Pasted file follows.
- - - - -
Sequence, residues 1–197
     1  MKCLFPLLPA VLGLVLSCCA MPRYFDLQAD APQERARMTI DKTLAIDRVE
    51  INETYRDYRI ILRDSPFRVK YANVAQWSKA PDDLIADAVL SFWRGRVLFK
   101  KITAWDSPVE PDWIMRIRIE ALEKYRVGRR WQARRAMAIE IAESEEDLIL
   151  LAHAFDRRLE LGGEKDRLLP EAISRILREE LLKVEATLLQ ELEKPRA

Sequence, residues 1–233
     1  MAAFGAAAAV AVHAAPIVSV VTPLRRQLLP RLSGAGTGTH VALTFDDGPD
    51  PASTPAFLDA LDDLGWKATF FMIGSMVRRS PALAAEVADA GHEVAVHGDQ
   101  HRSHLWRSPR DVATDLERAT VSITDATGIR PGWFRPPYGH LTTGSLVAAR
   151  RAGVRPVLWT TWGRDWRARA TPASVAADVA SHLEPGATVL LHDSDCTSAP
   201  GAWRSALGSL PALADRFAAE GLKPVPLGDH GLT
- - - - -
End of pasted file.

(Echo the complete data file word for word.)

Sequence, residues 1–197
     1  MKCLFPLLPA VLGLVLSCCA MPRYFDLQAD APQERARMTI DKTLAIDRVE
    51  INETYRDYRI ILRDSPFRVK YANVAQWSKA PDDLIADAVL SFWRGRVLFK
   101  KITAWDSPVE PDWIMRIRIE ALEKYRVGRR WQARRAMAIE IAESEEDLIL
   151  LAHAFDRRLE LGGEKDRLLP EAISRILREE LLKVEATLLQ ELEKPRA

Sequence, residues 1–233
     1  MAAFGAAAAV AVHAAPIVSV VTPLRRQLLP RLSGAGTGTH VALTFDDGPD
    51  PASTPAFLDA LDDLGWKATF FMIGSMVRRS PALAAEVADA GHEVAVHGDQ
   101  HRSHLWRSPR DVATDLERAT VSITDATGIR PGWFRPPYGH LTTGSLVAAR
   151  RAGVRPVLWT TWGRDWRARA TPASVAADVA SHLEPGATVL LHDSDCTSAP
   201  GAWRSALGSL PALADRFAAE GLKPVPLGDH GLT